The QGIS Cloud Support Team is often asked if it is possible to integrate data from external databases into the QGIS Cloud Web Map, so that the map information in the QGIS Cloud Web Map is always up-to-date. In this blog article we would like to show how this is possible with PostgreSQL.

To publish data in the QGIS Cloud GDI, the data must always be stored in the personal QGIS Cloud database. However, it is often the case that you store and maintain data in a local database via third-party software. In order for QGIS Cloud services to always display the most up-to-date data, you need to regularly synchronize the QGIS Cloud database with the local database. This is, of course, inconvenient and impractical.

Fortunately, however, PostgreSQL provides the Foreigen Data Wrapper (fdw). The PostgreSQL documentation writes about this:

" The postgres_fdw module provides the foreign-data wrapper postgres_fdw, which can be used to access data stored in external PostgreSQL servers. "

Well, that does sound pretty neat. Let’s see how we can use this for our question above.

Imagine the following situation. You manage geospatial data in a PostgreSQL database on your internal network for a live vehicle tracking project. The network is well protected and access to the data is only possible via the intranet. At the same time, however, you are running GDI services in the QGIS Cloud that are intended to make parts of the geodata available to a broad public. This is again only possible via the personal QGIS Cloud database.

The data on the local system is constantly changing. However, the QGIS Cloud database does not know anything about the changes. What can you do to keep the data in the QGIS Cloud DB in sync with the local DB?

  1. regularly update the data, via a complicated process, in the QGIS Cloud DB.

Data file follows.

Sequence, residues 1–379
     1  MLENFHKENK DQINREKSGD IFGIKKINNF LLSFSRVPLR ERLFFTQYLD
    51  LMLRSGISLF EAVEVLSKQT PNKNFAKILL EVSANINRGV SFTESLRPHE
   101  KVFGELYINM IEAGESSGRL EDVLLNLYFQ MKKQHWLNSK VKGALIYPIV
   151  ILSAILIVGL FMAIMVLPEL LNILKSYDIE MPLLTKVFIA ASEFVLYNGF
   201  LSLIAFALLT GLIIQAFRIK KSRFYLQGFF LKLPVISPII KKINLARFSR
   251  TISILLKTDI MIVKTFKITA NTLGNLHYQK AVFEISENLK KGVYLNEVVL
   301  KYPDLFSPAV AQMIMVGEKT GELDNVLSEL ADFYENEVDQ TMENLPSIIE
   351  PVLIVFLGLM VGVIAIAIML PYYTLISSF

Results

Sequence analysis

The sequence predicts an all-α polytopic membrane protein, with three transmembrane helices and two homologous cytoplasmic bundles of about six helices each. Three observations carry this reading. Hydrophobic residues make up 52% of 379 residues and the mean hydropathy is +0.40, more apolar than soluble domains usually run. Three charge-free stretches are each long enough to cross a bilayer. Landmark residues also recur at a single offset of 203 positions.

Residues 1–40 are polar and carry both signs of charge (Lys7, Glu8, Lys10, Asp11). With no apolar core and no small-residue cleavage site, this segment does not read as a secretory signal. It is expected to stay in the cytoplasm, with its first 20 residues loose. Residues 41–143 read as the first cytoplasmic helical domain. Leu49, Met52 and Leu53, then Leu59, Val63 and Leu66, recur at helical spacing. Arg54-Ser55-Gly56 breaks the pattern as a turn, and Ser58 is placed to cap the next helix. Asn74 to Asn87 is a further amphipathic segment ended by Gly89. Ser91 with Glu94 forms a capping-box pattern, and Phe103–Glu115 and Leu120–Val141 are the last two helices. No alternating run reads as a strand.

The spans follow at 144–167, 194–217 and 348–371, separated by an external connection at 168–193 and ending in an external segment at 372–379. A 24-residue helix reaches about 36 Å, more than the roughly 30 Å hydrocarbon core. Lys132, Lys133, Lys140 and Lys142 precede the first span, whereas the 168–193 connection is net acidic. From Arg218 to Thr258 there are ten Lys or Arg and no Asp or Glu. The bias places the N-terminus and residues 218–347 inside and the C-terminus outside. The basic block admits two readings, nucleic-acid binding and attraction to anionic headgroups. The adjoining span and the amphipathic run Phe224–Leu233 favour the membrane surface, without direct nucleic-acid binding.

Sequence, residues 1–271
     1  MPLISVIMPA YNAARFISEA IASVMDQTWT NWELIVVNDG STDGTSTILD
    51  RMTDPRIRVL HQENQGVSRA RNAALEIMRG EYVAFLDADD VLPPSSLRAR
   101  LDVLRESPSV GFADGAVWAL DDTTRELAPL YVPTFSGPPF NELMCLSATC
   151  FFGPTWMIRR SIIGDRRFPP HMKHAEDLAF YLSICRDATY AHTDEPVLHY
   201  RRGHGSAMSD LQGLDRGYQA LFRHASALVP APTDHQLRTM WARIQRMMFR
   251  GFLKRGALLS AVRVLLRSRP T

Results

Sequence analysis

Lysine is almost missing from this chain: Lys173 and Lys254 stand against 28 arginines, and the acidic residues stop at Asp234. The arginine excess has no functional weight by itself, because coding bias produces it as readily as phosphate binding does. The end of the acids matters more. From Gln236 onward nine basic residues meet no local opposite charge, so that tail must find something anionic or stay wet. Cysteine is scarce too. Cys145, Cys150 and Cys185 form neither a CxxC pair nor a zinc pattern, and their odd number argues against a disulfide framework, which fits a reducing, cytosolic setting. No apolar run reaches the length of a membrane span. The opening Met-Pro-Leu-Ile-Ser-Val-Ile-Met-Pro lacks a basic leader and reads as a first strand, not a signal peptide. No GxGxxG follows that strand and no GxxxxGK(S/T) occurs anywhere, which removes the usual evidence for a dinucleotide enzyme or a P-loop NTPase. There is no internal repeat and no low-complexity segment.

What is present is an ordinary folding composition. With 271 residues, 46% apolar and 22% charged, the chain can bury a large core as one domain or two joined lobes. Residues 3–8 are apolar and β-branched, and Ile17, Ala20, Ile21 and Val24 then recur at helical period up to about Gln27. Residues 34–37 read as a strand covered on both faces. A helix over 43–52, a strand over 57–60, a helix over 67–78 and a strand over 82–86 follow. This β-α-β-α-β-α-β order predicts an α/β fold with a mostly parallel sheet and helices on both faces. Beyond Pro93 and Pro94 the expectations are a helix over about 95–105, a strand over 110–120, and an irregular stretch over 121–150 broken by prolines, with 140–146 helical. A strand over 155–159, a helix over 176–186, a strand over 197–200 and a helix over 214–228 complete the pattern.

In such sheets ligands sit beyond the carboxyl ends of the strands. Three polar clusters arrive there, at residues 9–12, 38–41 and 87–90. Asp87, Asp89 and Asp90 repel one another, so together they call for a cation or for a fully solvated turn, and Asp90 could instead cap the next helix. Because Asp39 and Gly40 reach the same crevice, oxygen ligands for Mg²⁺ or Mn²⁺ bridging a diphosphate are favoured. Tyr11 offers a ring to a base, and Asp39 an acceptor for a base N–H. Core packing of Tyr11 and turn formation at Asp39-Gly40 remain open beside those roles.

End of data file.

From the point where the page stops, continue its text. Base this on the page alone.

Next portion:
• this is complicated, because external processes are running and need to be maintained.
  • there is no live data in the QGIS Cloud DB, as the update is done in discrete intervals.
  1. use `postgresql_fdw
  • no complicated processes are needed for this
  • data is maintained live in both databases

Set up the postgres_fdw in the local database.

The goal of setting up the postgres_fdw is to replicate data from the local database to the QGIS Cloud database. The two database connections are defined as follows in the example:

Local DB

host=localhost port=5432 dbname=test_db username=test_user password=xxxx

QGIS Cloud DB port=5432 dbname=aabbcc_ddeeff username=aabbcc_ddeeff password=123456

Both connection definitions here in the example are fictitious. So you have to enter the information that is valid in your case.

Before the following SQL commands can be entered we have to set up a way to send SQL commands to the database.The easiest way to do this in QGIS is to use the ‘DB Manager’. But first you have to if not already done, create a connection definition to the local DB in QGIS. In the DB Manager you can, after you have established the connection to the local DB, open the SQL dialog. Here you have to enter all of the following SQL commands. The connection definition to the QGIS Cloud DB is already created for you by the QGIS Cloud Plugin.

So that we can use the postgres_fdw the appropriate extension must be installed. Since it is not possible to install extensions in the QGIS Cloud DB, the extension must be installed in the local DB.